From the Race Education Team at Central Church of the Brethren
As part of its commitment to make local faith-based reparations to repair historical and current racist practices, a team at Central Church of the Brethren in Roanoke, Va., has launched regular gatherings with Black and white faith communities.
“We’ve learned that before identifying acts of reparation using our financial resources, we must first engage in a process to build trust and relationships across racial lines,” said Eric Anspaugh, one of four members of Central’s Race Education Team. Team member Jennie Waering finds that “the relationship building is a learning adventure requiring open minds and open hearts, and especially open ears.”
To help foster such relationships, local faith communities publicize and encourage attendance at community events where Black and white brothers and sisters can work and learn together. These activities include voter registration drives, clean up of a neglected Black cemetery, a Martin Luther King service day, attendance at Watch Night services to celebrate the Emancipation Proclamation, a webinar on Critical Race Theory, a vigil to mark the Jan. 6 insurrection at the Capital, and an anti-gun violence march.
Beginning Feb. 18 and continuing through April 8 the group will meet once a week (via Zoom) to study the book Reparations: A Christian Call for Repentance and Repair.
“Starting in September 2021 we have come together two times as the larger group and one time with a smaller group for discernment,” said Anspaugh, a retired Church of the Brethren minister. “Our team is thankful for how God’s Spirit is at work within this movement of ‘Jesus in the Neighborhood.’”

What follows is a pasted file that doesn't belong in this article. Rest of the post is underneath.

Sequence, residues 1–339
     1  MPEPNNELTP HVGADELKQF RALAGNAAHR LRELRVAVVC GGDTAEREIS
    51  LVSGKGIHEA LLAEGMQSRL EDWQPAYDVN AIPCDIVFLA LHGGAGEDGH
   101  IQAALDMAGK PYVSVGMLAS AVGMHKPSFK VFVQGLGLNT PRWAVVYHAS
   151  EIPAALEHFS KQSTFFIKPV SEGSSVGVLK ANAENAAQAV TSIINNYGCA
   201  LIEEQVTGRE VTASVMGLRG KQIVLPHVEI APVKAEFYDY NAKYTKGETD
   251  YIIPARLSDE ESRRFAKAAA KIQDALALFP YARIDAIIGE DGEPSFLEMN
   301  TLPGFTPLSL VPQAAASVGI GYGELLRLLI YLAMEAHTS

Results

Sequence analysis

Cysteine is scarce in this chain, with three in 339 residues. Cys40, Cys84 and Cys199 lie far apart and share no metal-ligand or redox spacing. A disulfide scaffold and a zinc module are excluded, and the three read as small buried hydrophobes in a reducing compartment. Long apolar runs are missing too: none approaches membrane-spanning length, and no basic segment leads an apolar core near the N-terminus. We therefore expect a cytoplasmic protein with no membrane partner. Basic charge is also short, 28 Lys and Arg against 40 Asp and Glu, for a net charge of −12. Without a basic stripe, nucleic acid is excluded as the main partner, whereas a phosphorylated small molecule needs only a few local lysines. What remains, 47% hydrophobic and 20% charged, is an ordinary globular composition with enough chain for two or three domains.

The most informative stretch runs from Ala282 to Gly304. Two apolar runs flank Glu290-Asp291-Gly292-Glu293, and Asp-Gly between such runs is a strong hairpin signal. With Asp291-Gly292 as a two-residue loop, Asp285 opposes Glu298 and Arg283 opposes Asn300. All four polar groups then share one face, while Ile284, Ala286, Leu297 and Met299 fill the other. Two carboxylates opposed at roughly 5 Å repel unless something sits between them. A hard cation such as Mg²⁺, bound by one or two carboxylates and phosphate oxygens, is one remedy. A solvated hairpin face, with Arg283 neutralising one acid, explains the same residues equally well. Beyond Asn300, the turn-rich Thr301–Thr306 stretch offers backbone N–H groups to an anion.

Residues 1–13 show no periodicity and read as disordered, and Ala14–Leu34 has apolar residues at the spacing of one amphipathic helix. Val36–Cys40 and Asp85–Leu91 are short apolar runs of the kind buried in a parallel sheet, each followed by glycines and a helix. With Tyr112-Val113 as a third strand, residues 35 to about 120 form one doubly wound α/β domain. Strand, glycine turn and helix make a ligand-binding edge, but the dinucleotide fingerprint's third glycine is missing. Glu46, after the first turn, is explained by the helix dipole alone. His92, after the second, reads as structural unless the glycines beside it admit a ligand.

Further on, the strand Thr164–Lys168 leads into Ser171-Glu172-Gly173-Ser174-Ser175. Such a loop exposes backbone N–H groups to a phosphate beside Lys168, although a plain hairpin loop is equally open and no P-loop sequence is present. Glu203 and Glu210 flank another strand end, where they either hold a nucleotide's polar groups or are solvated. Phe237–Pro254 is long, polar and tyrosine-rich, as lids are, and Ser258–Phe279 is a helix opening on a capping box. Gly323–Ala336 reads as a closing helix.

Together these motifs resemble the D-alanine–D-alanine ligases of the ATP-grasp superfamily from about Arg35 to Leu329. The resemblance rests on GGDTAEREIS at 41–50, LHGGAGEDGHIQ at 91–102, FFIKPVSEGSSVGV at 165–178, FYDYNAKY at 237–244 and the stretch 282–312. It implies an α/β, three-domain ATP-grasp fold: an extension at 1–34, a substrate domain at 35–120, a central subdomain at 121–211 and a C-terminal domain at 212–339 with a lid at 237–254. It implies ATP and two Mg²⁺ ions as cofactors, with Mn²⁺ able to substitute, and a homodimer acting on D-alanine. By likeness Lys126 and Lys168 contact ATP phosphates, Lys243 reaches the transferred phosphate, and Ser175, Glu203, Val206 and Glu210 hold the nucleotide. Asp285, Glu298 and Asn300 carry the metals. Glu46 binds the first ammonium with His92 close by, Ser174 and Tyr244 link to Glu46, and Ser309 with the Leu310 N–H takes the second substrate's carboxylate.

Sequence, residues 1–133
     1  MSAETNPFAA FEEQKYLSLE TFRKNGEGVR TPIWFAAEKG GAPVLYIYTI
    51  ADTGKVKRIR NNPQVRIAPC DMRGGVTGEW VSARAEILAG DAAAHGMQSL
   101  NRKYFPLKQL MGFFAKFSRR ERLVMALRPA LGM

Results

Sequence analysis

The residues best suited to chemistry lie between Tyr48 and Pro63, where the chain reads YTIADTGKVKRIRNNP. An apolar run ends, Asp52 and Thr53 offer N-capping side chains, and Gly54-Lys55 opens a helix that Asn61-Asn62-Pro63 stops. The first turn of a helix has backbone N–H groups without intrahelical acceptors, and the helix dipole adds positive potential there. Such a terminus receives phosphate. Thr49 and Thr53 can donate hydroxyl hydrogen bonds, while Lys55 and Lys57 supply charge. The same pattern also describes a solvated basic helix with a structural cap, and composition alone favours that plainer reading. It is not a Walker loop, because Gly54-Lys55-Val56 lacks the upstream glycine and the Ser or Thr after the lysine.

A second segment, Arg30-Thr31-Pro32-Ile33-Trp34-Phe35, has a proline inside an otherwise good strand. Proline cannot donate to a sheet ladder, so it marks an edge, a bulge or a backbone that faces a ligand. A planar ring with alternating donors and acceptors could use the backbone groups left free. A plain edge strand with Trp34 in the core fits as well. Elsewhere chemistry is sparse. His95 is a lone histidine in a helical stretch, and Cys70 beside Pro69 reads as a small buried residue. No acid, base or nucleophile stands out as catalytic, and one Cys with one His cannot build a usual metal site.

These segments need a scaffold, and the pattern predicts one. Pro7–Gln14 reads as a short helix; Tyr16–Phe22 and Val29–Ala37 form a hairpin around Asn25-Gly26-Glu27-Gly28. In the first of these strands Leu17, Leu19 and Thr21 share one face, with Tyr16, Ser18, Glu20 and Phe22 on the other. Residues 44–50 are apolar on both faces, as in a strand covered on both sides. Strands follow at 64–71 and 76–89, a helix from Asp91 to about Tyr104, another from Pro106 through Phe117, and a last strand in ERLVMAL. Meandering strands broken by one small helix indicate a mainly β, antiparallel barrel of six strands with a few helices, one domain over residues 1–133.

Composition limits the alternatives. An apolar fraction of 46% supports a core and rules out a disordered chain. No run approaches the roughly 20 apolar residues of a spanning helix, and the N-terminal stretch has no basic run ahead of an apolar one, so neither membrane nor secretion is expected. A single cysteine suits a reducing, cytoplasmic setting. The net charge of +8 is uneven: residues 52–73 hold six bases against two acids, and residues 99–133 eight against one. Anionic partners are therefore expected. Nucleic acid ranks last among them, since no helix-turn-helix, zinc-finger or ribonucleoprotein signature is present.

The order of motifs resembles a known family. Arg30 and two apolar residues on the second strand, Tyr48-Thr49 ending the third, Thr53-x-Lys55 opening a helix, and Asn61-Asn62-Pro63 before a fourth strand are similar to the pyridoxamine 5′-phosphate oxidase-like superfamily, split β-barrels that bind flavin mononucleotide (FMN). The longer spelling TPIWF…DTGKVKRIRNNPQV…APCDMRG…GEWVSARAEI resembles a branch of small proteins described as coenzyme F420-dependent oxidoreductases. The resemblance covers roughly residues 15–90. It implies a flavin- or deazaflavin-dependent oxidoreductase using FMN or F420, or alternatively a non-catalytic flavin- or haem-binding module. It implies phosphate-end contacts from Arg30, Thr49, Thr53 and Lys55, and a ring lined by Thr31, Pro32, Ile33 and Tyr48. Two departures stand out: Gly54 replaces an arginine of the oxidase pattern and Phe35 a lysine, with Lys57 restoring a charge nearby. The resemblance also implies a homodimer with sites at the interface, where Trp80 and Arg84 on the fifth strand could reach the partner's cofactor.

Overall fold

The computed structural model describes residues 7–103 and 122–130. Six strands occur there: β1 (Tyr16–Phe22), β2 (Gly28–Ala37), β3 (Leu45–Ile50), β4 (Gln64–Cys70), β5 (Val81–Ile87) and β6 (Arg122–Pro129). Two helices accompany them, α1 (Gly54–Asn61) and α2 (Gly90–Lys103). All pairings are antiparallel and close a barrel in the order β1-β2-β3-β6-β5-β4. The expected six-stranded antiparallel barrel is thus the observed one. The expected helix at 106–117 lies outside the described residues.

Kevin Kinsey, pastor of Central Church, said a key moment on the church’s journey in exploring reparations came on April 12, 2021. That’s when the Church Council adopted a “Congregational Statement on Racism.” In brief, he said, “the statement condemns the sin of racism, a confession of our individual and collective complicity in racism, and an acknowledgement that history and present-day racial injustice reveal the role that faith communities have and continue to have in fostering racism.”
The statement concludes with eight affirmations, one of which states that the congregation will “commit to making faith-reparations locally through the use of our resources to help correct manifestations of racism, injustice, and inequality in our community. These faith-based reparations will be decided by the Church Council as the voice of God’s people.”
We are committed to this process of moving toward reparation and doing so following Jesus’ teachings.
— The Central congregation’s Race Education Team includes Eric Anspaugh, Chuck Hite, Jennie Waering, and pastor Kevin Kinsey.
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